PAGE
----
Sound far-fetched? Clayton Christensen’s argument is based on a premise familiar to successful entrepreneurs.
Similar to the prediction made by Futurist Thomas Frey in 2013, many colleges will soon struggle to survive.
If you’ve ever used the word disruption to refer to innovations that create new markets and displace long-established companies and products, you might have Harvard Business School professor Clayton Christensen and his best-selling book The Innovator’s Dilemma to thank.
More recently, Christensen has predicted traditional colleges and universities are ripe for disruption, arguing online education will undermine their business models (because education is, ultimately, a business) to such a degree that many won’t survive.
A principle of Christensen’s theory of disruption is that technology itself is not the disrupter. For example, Netflix created a new business model; streaming video made that business model possible. As Christensen says, “Technology enables the new business model to coalesce.” Technology is the tool — not the end result.
Which is exactly what he feels is occurring in higher education. As online and “hybrid” learning continue to grow — and as the cost of a traditional education continues to increase — many institutions will struggle to stay in business under their current model.
And fewer people may be willing to pay for the piece of paper they receive.
Is a Harvard B-School degree worth $400,000?
During a speech at last year’s Salesforce.org Higher Ed Summit, Christensen said it costs almost $400,000 to get a degree from HBS, and “that price point has made it such that the only people who can afford it are would-be McKinsey consultants, hedge-fund managers, and the like. Our customers need so much money in opening salary to pay off their debt that we have overshot the salaries.”
Or, in simpler terms, the return may not justify the investment.
Of course, the same principle applies to other schools and degrees. While many college students are primarily interested in the education they receive, others see their degree as a ticket: The degree (hopefully) provides entrance to their chosen career.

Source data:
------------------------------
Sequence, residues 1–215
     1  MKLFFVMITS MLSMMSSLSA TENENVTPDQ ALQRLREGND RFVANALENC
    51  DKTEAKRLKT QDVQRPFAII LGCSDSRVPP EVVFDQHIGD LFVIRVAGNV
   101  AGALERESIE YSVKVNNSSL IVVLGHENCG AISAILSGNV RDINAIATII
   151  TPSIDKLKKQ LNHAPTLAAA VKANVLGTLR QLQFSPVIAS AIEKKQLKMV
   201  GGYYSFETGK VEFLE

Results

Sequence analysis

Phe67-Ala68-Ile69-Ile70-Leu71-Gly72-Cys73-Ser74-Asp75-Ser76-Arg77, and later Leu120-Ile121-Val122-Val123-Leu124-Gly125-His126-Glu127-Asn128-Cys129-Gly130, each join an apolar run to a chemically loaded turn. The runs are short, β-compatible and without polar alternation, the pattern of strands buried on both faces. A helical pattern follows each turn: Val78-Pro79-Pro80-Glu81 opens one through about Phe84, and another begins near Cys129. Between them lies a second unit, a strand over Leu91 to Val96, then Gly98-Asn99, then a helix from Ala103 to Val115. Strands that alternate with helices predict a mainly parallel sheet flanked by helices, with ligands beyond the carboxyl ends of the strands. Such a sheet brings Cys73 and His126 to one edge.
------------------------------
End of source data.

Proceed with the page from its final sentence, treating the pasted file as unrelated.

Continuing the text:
Want to be an engineer? You need an engineering degree.
I’m not knocking that approach. I went to college because I thought it would allow me to get a better job. Taking classes was what I had to do to get a degree. Did I learn a lot? Absolutely, but not as much as I would have learned if I had been focused on the education instead of the outcome: getting a degree.
That piece of paper is the ticket, but it indicates very little about whether you will be a great engineer. MIT, for example, produces great engineers. Yet I feel sure it also turns out some who are terrible.
And those who don’t have a ticket — because they couldn’t afford one, didn’t have good enough grades in high school, whatever the reason — are left on the outside looking in, unable to get the degree or certificate or knowledge they need.
But that’s starting to change.
As Futurist Thomas Frey suggested in his latest column, “Are certifications more valuable than college degrees?”
And the rate of change will only increase.
Imagine if Amazon entered the higher-education marketplace
Amazon has almost unprecedented technology infrastructure and know-how. Amazon understands its customers’ behavior to an incredible degree.
Compare Amazon’s ability to deliver what you want, how you want it, and when you want it, with that of the average college or university. Or even with the growing number of online universities and hybrid universities, and especially with the “traditional” institutions that offer online learning options.
Amazon would crush those folks.
Will Amazon do so? Probably not. I just used it as an example.
But some smart company will, and unless you work for a higher institution, that’s OK — in fact, possibly more than OK.
Ultimately, the goal of an education — at least in career terms — is to provide graduates with the knowledge, skills, and at least some of the experience they need to begin the lifelong process of achieving success in their chosen field.
A degree indicates you know how to earn a degree; it doesn’t necessarily mean you know how to do a job. Applicable knowledge matters. Applicable skills matter. Applicable experience matters.
Smart entrepreneurs — and smart hiring managers — care not so much about what you did in school, but what you can do on the job.
And it’s likely that soon a new educational business model will better deliver graduates who not only have a ticket — and deliver more of those graduates, because everyone willing to work for a ticket deserves to earn that ticket — but also more of the skills they need. They want to know how to do what they want to do, and they want to be able to learn in the way that is best for them. Not for the provider.
That’s what people who hope to achieve big things really want.
And that’s what employers really want from their people.